Democrat Seeks To Ban Tackle Football

As the nation gears up to watch their favorite athletes collide at Super Bowl 2017, a growing movement also seeks to entirely eliminate tackling from football.

“Football is the only major sport where on every single play, the objective is to violently hit the competition,” said Assemblyman Michael Benedetto, a Democrat seeking to ban tackle football from all youth leagues with children under 13 years of age.

Although the bill has been proposed for four years with little support, all that may change soon.

The rumor that playing tackle football could lead to concussions and severe long-term damage has finally solidified into concrete scientific fact. And with this new consensus comes a growing movement to replace the pre-existing sport with its less abrasive counterpart: flag football.

“There’s unquestionably a movement afoot, which is wonderful,” said Dr. Robert Cantu of Boston University’s Center for the Study of Traumatic Encephalopathy, an expert on brain injuries induced from playing football.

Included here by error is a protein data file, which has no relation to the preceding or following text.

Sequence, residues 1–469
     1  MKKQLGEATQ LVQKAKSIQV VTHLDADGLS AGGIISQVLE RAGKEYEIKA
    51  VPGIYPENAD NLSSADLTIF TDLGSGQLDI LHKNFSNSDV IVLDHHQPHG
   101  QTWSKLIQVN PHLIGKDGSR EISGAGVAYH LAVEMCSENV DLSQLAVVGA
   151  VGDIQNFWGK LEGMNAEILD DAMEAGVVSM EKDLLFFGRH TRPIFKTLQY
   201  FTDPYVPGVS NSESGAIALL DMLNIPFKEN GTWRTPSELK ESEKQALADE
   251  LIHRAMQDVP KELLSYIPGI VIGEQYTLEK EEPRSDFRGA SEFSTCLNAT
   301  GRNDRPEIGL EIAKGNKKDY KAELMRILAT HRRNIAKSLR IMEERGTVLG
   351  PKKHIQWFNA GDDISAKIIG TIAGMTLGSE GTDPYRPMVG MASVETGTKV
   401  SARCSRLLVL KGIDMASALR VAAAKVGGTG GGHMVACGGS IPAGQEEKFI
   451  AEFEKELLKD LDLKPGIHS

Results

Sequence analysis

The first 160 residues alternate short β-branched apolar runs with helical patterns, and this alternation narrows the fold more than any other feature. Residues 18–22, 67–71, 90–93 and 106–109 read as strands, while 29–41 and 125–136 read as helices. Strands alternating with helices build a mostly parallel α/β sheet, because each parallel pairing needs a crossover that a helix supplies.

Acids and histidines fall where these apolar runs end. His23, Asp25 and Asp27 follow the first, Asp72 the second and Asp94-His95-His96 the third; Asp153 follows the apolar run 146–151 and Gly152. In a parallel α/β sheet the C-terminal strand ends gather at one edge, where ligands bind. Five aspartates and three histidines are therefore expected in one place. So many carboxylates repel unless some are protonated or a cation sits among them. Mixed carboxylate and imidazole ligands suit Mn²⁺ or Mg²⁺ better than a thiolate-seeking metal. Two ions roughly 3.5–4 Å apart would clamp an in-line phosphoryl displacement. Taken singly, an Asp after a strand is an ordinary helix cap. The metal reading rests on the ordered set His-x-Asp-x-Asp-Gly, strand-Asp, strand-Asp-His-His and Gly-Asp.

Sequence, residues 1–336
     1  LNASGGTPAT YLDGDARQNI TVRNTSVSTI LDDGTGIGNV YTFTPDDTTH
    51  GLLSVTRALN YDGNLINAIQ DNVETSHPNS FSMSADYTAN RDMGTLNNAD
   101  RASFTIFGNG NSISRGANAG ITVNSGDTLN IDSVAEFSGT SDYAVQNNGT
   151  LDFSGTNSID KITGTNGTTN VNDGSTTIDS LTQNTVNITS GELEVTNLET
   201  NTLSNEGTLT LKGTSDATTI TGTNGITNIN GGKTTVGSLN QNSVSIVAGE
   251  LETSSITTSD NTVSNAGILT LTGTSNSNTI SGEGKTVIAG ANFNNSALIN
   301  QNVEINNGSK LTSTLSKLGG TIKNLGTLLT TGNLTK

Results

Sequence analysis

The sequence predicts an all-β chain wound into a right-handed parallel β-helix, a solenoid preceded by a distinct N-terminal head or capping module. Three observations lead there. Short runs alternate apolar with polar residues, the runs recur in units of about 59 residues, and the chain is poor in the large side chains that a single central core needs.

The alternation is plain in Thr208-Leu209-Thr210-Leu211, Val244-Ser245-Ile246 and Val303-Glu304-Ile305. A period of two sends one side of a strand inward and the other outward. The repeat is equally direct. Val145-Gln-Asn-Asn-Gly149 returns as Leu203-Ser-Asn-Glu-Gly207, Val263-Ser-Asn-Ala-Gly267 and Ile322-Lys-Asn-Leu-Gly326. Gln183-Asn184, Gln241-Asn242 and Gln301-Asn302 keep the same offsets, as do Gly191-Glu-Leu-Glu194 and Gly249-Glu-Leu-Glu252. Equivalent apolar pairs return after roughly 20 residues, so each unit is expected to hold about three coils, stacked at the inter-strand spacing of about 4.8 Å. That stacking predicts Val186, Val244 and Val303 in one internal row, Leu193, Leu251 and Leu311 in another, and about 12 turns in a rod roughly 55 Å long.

Cantu elaborated, “Basically, it boils down to the fact that a young person’s brain is more vulnerable to injury than is an adult brain.”

Numerous studies have shown that children who began playing tackle football under the age of 12 were more likely to develop cognitive issues at a later point in life.

However, some who support the new bill, like Ron Ruland of Cobleskill, do not think it will ever get the support needed to pass.

“There is way too much emotion,” said Ron, “cultural bias, and money invested for there to be a rational discourse on the subject. My one hope is that mothers will refuse to sign the permission slips.”

Despite Ron’s pessimism, progress has already been made throughout the country, including numerous laws/mandates to curb the risk of concussions during games.

Some measures include laws that require ejecting any player from the game who is suspected to have a concussion, and to be checked by a medical professional before returning.

Additionally, many schools have protocols on the books to address the matter, including training coaches to under the signs of a concussion and what to do if the situation ever arises.

AP News

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